Richard Winther (23 July 1926, Maribo, Denmark - 30 August 2007, Vindeby, Denmark) was considered one of the major Danish artists of the 20th century. He explored the arts extensively and his prolific career focused mainly on painting, graphics, photography and sculpture. Richard's work was greatly influenced by Asger Jorn and Richard Mortensen, both Danish artists part of the Linien group.
Richard Winther was born Richard Ludvig Philip Weibull Winther. The third of three children, Richard Winther's father was Carl Christian Winther and his mother was Ely Maria Ricardis Weibull. He grew up in a sugar factory and understood how productivity could be improved by the use of machines. This exposure impacted his work as he explored extensively printing and photography. Photography was a subject that enticed him in such a way that he built several cameras during his career. Interested in the arts from an early age, Richard started working on art at age ten and exhibiting his paintings during high school years, after the Linien (The Line) artists' work. Records of his work exist since early 1940s.
Richard Winther was a student at the Royal Danish Academy of Fine Arts where later he became a professor. He founded the exhibition group Linien II with other young artists, initially a spontaneous-abstract style of painting but with time transformed into a geometric-abstract type of movement. Linien II style falls into the concrete art movement. Later on some of Richard Winther's work became intensely abstract and had some of the characteristics of the De Stijl/Konkret Art characteristics. Richard Winther had an intense Lithographic period in the 1950s. As he evolved as a painter, his work shifted focus to the human body. He was a member of Eks-Skolen founded in 1961 by one of his friends, the artist Poul Gernes. There he taught several upcoming artists, including Per Kirkeby. While always interested in photography, he dedicated a significant part of the 60s to this technique, which he would revisit time after time the following decades including his last years. Richard Winther's work is marked by particular themes such as Heronimous and Syndflod. Many of these themes fit the idea of recycled classicism. Between 1994 and 2007 he took the idea of recycling forward doing much of his pieces in cardboard. He took recycling to another level when taking previous artists' life and works and building further on those personalities. An example of this approach is illustrated by the pieces Winther generated on Wie and Gammel Holtegaard took selected pieces of this effort and enhibited Winther's work on Wie in 2005. Further, Richard Winther took his idea of recycling and applied it to his own work: he revisited many paintings of his as well as his photographic cameras accomplishing an "Rdo Re-do" where Rdo was his latest way of signing his art pieces.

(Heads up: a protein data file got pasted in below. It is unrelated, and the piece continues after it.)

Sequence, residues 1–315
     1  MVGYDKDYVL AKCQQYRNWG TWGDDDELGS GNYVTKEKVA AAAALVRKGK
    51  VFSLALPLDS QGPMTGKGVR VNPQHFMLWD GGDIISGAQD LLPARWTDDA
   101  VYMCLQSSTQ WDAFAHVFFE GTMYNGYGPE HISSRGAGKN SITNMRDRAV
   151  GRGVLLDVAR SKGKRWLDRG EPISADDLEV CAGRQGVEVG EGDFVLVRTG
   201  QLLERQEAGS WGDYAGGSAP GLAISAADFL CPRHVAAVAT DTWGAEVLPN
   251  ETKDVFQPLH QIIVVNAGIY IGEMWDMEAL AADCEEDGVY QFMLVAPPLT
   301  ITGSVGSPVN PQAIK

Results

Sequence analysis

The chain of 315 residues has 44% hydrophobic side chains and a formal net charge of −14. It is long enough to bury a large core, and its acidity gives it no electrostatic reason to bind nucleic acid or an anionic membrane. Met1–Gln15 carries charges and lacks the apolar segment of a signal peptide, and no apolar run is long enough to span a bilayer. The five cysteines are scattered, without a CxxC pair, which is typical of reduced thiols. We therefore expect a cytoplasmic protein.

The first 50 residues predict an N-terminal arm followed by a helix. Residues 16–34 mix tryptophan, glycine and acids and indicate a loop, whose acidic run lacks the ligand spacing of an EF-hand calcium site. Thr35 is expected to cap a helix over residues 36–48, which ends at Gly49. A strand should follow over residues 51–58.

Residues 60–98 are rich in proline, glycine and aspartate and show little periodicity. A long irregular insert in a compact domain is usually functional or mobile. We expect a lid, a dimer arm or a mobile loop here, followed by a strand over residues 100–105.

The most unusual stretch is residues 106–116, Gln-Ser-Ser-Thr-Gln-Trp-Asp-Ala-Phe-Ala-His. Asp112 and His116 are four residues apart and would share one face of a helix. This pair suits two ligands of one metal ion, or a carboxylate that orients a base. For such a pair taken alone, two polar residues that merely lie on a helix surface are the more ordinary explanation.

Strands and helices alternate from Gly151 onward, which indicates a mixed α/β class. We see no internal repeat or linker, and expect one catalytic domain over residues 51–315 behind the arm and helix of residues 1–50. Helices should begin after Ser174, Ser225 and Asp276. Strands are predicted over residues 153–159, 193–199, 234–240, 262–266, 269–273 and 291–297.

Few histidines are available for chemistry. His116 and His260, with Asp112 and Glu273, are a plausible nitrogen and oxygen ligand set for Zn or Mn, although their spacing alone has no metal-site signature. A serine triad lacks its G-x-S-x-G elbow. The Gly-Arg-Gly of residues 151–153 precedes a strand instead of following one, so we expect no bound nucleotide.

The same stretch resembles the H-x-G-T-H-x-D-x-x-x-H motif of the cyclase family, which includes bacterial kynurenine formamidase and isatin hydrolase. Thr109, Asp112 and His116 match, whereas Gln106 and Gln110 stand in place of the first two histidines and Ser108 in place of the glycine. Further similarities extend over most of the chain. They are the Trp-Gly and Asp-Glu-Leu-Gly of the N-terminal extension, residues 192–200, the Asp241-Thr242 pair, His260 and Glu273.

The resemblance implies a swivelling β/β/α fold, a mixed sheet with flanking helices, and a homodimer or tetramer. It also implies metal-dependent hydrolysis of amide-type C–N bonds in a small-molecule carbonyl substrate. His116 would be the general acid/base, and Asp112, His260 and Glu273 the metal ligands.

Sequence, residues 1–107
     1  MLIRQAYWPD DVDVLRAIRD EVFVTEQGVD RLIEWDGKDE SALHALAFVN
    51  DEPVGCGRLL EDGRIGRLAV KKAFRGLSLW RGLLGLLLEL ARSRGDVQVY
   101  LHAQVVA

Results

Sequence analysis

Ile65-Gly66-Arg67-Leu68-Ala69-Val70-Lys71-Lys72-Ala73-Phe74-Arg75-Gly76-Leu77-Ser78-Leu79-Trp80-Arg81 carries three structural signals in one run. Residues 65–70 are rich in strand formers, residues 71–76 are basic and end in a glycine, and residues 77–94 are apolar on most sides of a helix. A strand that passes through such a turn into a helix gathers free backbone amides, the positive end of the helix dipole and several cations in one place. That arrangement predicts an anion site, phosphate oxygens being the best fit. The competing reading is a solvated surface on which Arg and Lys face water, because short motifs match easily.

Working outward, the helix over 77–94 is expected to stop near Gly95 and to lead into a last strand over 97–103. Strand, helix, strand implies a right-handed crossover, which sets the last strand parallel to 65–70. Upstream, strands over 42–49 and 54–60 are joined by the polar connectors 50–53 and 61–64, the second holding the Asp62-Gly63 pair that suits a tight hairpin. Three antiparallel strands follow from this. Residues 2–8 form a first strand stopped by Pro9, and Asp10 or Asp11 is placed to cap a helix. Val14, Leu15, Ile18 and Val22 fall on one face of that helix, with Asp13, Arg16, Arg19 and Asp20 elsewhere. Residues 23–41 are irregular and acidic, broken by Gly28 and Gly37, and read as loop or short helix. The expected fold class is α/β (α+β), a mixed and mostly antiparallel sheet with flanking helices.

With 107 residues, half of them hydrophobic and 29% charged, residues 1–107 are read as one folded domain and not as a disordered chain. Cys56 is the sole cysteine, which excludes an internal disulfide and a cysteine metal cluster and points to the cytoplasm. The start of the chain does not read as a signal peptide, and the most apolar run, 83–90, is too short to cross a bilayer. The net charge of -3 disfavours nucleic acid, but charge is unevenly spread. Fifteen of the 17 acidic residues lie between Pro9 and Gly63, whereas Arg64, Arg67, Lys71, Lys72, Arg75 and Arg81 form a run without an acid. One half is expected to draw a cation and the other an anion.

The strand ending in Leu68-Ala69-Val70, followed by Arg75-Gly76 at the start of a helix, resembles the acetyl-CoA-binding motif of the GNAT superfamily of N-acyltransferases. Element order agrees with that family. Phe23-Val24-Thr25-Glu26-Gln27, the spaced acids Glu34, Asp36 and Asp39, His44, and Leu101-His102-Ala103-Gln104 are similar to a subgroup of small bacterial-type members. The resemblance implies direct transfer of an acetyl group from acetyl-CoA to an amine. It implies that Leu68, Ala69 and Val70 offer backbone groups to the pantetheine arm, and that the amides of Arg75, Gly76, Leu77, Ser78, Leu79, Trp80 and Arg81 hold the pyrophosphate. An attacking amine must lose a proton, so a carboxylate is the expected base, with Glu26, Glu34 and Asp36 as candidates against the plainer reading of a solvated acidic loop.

Richard Winther received several awards for his work: Eckersberg Medal 1971, Thorvaldsen Medal 1997. and the Prince Eugen Medal.
Richard Winther was also involved in the movie The Wake directed by Michael Kvium and Christian Lemmerz where he was the character St Patrick.
He was a member of the following groups: Arme og Ben, Decembristerne, Linien II, and Den Frie Udstilling.
There is a permanent collection of His work at the Silkeborg Kunstmuseum in Denmark. The latest solo exhibitions on Richard Winther's works are: 2001 Stege Bibliotek; 2005 Gammel Holgegaard; 2008-9 University of Massachusetts Art Gallery; 2010 Museum Jorn; 2011 Clausens Kunsthandel, DAMP and ApArt, Fotografisk Center in Copenhagen, and Møstings Hus; 2012 Rdo Huset and Galleri Tom Christoffersen: 2012-13 Fuglsang Kunstmuseum; 2013 Galleri Klejn, Rdo Huset, Tal R Galleri, Galleri Tom Christoffersen and Stensalen
Events where Richard Winther and other artists had works exhibited together: 2008 Decembristerne; 2010 Lys over Lolland; 2011 Galleri Tom Christoffersen;
2013 Clausens Kunsthandel and Galleri Tom Christoffersen
- Tableau Vivant
- Den hellige Hieronymus damekreds.